Immortal Memory is a collaboration between vocalist Lisa Gerrard and Irish composer Patrick Cassidy. Billed as a cycle of life and death and rebirth, Immortal Memory is better described as an orphaned film score. Cassidy's warm arrangements allow the former Dead Can Dance singer to step out of the dark medieval world that she's called home for nearly 20 years – though there is much of that world within these castle walls – and focus on the simplicity of love, faith, and loss with a grace that's bereft of the icy perfection of her previous work. Gerrard, whose voice has aged like the finest oak, displays an almost supernatural mastery of the material. Her effortless contralto wraps itself around the ten Gaelic, Latin, and Aramaic spirituals like an evening prayer, making each stunning entrance the equivalent of audio comfort food.
One listen to Lisa Gerrard's The Silver Tree (originally available only digitally, then as an Australia-only import, and finally, as a U.S. release) is enough to convince anybody – who isn't already convinced – that there's a very specific reason she has been courted by directors to compose soundtracks. There are 13 tracks here full of wispy ambient soundscapes, on top of which the former Dead Can Dance vocalist places her almost otherworldly gift of a voice. Sung nearly as prayers or meditative mantras, Gerrard employs monosyllabic glimpses of other languages – and occasionally English – to create her own tapestry of dreams. Some may be tempted to call this "new age" music, but it's so much more melancholy than much of what passes for that trash, and it's nearly sacred in its approach to articulation, creating the feeling in places ("Come Tenderness," "The Sea Whisperer," and "Abwoon," to name a few) that she is actually singing inside a cathedral. In other places, such as "Wandering Star" and "Serenity," her voice offers a drone approach that is as subtle – yet powerful – as her instrumentation.
This ex-Dead Can Dance member imparts her own mixture of the ethereal, the worldly, the emotionally abstract, and the purely beautiful to all of her projects. She's been universally recognized and acclaimed for her body of work: she received a Golden Globe and was Oscar-nominated for the "Gladiator" soundtrack. She has also worked on such high profile movies as "Ali" and "The Insider". This release is a soundtrack for the New Zealand indie film "Whale Rider", already the biggest grossing film in New Zealand ever. Gerrard's music, combined with the motion picture, provides an experience of profound power and spiritual enlightenment.
After the success of Gladiator, it wasn't unusual to see director Ridley Scott turn to Hans Zimmer again for the score to Black Hawk Down, his fierce adaptation of Mark Bowden's account of the tragic 1993 American military intervention in Somalia. What was more surprising was the schedule Scott imposed on the German-born composer: 15 days to write, arrange, and record the film's nearly two hours of music. The results of Zimmer's miraculous two-week musical campaign not only belie those constraints; they instantly take their place alongside The Thin Red Line as some of the most compelling music he's produced. The gambit here is simple–portray the combatants as two warring tribes, with their native musics locked in a tense dance for domination.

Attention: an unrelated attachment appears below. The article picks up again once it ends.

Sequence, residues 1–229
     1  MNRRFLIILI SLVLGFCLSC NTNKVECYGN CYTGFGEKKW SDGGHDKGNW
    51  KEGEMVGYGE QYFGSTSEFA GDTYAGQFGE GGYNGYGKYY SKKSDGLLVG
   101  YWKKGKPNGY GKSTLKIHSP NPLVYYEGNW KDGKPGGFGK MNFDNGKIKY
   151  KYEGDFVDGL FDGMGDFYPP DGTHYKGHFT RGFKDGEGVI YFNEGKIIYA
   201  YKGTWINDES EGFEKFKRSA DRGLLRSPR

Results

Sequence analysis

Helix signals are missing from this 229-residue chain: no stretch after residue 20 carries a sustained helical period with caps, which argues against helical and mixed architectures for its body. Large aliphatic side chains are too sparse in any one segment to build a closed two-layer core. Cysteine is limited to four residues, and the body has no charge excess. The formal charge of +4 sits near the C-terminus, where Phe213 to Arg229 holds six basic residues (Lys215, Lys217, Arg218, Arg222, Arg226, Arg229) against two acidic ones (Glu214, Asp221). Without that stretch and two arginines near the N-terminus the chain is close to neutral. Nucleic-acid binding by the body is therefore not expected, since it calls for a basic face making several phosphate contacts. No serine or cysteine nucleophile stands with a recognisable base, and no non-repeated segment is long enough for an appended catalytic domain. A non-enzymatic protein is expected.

Lisa Gerrard is an Australian musician, singer and composer who rose to prominence as part of the music group Dead Can Dance with music partner Brendan Perry. Since her career began in 1981, Gerrard has been involved in a wide range of projects. She received a Golden Globe Award for the music score to the film Gladiator, on which she collaborated with Hans Zimmer on such songs as "Now We Are Free." Gerrard released her third solo album, The Black Opal, in October 2009. The album included collaboration with Michael Edwards, Patrick Cassidy, Pieter Bourke and James Orr and was the first release to come from Gerrard Records.
Duality is at once sacred and playful. It is both dark and light, organic and refined, masculine and feminine. Dead Can Dance's Lisa Gerrard partners with Pieter Bourke, formerly of Aussie band Eden, to create this compositional dance of partnership that is classical, ancient, and thoroughly modern. Gerrard's voice is multitracked at times, conjuring a cathedral choir and the droning chants of monks. Drums and synth snake from desert to brilliant stormy sky to shaking earth and the bodies that inhabit those spaces. There are lush multiple layers of strings, bagpipe drone, and, quite literally, the laughter of children. The vocals sans "real" words and multicultural instrumentation will be familiar to Dead Can Dance listeners. Yet there is something more exclusive, more womblike about the music of Bourke and Gerrard; rather than two distinct bodies making music, like mother and in utero child sharing blood and breath, they are mutually dependent.